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Landmark report sheds light on discrimination 
Sex discrimination was the most common type reported and was particularly prevalent in academic settings and production animal, equine and mixed practices.

BVA launches ‘Big Conversation’ after “truly shocking” findings 

Nearly a quarter of vets and vet students have experienced or witnessed discrimination in the past year, according to a landmark report by the BVA.

Figures show 16 per cent of vets and vet students surveyed had personally experienced discrimination within a veterinary workplace or learning environment in the past 12 months.

Despite this, only 56 per cent of respondents said they were concerned about discrimination.

Senior colleagues were most commonly responsible for the discrimination, accounting for nearly half of all incidents (47 per cent), while clients accounted for 35 per cent of incidents.

Worryingly, only 12 per cent of respondents were satisfied with how their incident had been handled, which rose to 23 per cent among those who felt able to report the incident.

Sex discrimination was the most common type reported (44 per cent of incidents) and was found to be particularly prevalent in academic settings and production animal, equine and mixed practices.

Race discrimination was the second most commonly reported, accounting for 27 per cent of incidents. Survey participants also reported discrimination relating to age, sexuality, disability and gender reassignment.

Younger vets were more likely to have experienced discrimination than older vets - 27 per cent of those under 35 had experienced discrimination. Female vets were more than twice as likely to experience discrimination than their male colleagues - 19 per cent and eight per cent respectively.

The prevalence of discrimination was also higher among vets from minority ethnic backgrounds, and those who described their sexual orientation as bi, gay or lesbian were more than twice as likely to have experienced discrimination.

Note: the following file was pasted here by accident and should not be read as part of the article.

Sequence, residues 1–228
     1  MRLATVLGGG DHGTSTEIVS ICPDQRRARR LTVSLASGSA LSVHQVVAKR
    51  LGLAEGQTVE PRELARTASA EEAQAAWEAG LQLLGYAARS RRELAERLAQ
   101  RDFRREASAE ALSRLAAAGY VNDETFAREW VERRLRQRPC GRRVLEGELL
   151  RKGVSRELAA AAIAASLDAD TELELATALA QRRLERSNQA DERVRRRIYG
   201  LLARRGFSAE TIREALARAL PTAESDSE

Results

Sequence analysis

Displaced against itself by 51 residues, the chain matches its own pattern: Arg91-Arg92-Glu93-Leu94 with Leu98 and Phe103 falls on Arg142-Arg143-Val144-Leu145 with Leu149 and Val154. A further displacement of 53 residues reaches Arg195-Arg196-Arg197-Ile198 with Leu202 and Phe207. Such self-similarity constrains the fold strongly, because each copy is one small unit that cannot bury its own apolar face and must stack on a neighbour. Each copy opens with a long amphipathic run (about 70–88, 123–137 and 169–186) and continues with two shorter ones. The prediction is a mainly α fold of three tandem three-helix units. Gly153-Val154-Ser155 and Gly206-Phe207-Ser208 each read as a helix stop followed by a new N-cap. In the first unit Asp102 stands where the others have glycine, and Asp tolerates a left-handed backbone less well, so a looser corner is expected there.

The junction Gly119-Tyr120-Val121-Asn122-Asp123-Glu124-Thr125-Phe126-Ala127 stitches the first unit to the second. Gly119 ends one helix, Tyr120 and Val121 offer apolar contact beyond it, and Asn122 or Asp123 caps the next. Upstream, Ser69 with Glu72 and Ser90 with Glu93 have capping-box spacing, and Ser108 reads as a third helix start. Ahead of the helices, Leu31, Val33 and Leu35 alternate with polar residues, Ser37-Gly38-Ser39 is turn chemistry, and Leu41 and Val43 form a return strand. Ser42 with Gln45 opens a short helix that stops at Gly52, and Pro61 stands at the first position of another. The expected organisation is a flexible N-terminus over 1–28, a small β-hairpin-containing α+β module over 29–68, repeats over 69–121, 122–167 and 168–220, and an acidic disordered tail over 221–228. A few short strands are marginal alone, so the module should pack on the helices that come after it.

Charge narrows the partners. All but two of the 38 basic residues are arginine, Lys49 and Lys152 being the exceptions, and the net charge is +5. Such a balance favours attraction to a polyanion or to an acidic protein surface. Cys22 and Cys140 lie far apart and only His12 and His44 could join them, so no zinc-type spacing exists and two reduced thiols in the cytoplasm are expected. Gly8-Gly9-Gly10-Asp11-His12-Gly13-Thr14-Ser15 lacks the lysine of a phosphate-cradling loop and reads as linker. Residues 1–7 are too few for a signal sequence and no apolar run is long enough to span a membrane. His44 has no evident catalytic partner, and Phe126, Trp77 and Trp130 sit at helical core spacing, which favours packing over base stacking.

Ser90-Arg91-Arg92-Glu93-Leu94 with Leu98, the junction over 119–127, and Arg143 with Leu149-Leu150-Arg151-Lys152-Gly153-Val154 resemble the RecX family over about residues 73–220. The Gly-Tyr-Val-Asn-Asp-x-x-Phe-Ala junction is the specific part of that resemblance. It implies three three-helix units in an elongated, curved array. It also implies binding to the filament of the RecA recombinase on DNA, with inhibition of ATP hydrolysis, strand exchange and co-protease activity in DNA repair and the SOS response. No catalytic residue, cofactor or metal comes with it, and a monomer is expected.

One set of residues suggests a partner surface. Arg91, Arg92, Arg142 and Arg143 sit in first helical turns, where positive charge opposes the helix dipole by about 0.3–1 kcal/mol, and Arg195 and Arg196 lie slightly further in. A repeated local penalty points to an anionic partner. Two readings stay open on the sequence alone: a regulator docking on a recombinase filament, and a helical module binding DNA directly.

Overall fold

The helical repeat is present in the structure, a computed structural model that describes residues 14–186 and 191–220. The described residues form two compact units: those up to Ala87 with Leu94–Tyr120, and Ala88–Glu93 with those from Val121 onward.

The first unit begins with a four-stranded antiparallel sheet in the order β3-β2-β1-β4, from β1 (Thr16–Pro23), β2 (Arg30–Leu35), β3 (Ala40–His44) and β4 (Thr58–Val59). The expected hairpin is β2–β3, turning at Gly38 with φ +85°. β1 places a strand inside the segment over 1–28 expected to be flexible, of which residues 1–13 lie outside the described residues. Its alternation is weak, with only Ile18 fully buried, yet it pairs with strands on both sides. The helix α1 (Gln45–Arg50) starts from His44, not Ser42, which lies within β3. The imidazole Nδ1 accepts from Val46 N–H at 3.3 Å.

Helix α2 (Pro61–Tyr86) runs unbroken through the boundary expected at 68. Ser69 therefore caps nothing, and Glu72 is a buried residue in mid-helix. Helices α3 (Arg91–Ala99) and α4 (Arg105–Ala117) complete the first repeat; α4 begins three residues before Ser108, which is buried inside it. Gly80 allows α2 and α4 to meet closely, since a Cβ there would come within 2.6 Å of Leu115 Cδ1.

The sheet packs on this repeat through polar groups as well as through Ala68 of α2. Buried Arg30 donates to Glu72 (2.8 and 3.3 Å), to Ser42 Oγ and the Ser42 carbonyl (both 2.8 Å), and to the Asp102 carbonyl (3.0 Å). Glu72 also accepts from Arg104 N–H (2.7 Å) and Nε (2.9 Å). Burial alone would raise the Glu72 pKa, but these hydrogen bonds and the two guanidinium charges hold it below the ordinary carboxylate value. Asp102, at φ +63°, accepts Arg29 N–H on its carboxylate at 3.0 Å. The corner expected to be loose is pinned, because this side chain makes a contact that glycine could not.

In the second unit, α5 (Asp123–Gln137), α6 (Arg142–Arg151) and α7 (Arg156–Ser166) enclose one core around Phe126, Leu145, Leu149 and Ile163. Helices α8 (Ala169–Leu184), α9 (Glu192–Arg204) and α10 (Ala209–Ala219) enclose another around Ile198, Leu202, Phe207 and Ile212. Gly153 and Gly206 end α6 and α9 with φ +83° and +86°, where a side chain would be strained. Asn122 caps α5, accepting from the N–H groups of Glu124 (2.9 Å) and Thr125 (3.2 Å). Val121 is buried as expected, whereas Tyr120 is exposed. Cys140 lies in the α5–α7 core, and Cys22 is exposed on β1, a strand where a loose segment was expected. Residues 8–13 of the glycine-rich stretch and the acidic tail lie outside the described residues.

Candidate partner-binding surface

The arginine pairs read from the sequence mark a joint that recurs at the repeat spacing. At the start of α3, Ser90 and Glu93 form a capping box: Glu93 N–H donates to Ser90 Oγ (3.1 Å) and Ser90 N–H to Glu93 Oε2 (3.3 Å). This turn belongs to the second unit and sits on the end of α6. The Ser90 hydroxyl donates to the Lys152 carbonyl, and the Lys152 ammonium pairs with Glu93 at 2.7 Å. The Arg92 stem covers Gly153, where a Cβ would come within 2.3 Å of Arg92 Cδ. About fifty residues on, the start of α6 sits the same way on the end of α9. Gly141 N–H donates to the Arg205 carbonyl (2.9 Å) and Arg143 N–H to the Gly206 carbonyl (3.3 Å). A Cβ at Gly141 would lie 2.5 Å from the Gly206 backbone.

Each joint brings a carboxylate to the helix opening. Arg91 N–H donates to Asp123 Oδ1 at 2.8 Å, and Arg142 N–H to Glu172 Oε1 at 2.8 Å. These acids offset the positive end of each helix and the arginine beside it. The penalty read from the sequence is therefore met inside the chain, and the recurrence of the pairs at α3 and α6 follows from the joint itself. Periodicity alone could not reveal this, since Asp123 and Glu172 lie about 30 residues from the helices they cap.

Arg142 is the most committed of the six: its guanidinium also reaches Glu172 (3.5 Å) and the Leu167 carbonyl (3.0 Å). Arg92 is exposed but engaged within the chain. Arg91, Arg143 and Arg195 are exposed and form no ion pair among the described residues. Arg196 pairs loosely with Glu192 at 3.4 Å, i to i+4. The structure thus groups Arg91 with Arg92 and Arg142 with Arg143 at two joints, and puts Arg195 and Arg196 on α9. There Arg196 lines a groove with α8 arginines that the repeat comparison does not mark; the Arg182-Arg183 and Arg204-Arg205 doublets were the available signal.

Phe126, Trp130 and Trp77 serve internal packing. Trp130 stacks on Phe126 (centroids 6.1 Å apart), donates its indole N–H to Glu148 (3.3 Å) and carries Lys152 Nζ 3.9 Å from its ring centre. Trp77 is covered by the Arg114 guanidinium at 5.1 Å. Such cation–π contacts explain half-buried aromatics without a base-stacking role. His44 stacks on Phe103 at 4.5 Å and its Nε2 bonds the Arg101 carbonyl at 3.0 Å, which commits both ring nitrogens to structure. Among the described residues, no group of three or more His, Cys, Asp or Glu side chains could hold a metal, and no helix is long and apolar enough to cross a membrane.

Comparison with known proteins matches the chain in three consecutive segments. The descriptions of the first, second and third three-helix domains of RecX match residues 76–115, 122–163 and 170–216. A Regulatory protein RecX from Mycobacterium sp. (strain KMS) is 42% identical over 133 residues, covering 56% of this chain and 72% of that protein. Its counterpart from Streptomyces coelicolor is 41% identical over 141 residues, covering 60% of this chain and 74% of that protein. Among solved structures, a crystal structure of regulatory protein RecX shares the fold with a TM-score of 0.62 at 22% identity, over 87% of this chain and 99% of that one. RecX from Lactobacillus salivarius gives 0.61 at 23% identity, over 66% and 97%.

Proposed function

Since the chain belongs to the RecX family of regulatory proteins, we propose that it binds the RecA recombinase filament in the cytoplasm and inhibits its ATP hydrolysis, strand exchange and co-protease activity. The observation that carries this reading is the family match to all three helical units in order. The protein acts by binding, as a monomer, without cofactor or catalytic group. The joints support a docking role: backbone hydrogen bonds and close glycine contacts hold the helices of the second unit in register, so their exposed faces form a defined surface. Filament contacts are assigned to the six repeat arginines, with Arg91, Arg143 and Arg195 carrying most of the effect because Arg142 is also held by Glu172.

'Big Conversation'
BVA’s junior vice-president Daniella Dos Santos called the findings “truly shocking”.

She added: “It is completely unacceptable that so many members of the veterinary team are subject to discrimination not just from clients but from members of our own profession.
 
“Worryingly, it seems that the scale of the issue will come as a surprise to many members of our profession and so it is vital that we all join the conversation and reflect on what role we can play to improve equality and inclusion.

"The veterinary team must become a safe and supportive environment for everyone. We cannot accept anything less for ourselves, for our colleagues and for our profession.”

The BVA is asking all members of the profession to get involved in its ‘Big Conversation’ on equality and inclusion, which is launching this week. Veterinary teams across the UK will be able to join online engagement sessions and BVA members are being asked to share their views with regional representatives ahead of a council meeting on 24 July.
 

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Zoo animals step on the scales for annual weigh-in

News Story 1
 Squirrel monkeys, penguins and meerkats are just some of the animals that stepped on the scales on Thursday (22 August) for the start of ZSL London Zoo’s annual weigh-in.

The annual event gives keepers a chance to check the animals in their care are healthy, eating well and growing at the correct weight. Keepers say that a growing waistline can also help them to detect pregnancies, which is vital as many of the species at the zoo are endangered.

The data is then added to a database shared with zoos and conservationists across the globe. This helps keepers to compare information and provide better care for the species they are fighting to protect.  

Click here for more...
News Shorts
Professor Abdul Rahman announced as keynote speaker for BVA Members’ Day 2019

Celebrated Indian vet and parasitologist Professor Abdul Rahman is set to deliver the keynote speech at BVA Members’ Day 2019.

Professor Rahman will present his insights into the human behaviour challenges of controlling zoonotic disease in his talk: ‘A One Health approach to rabies elimination in Asia’. The talk will outline efforts to gain political support for dog vaccination programmes in China, as well as the need for a collaborative approach between vets, public health, livestock and animal welfare agencies.

The event takes place on Thursday, 19 September at Brangwyn Hall, Swansea. Tickets are free but must be reserved through the BVA website as places are limited.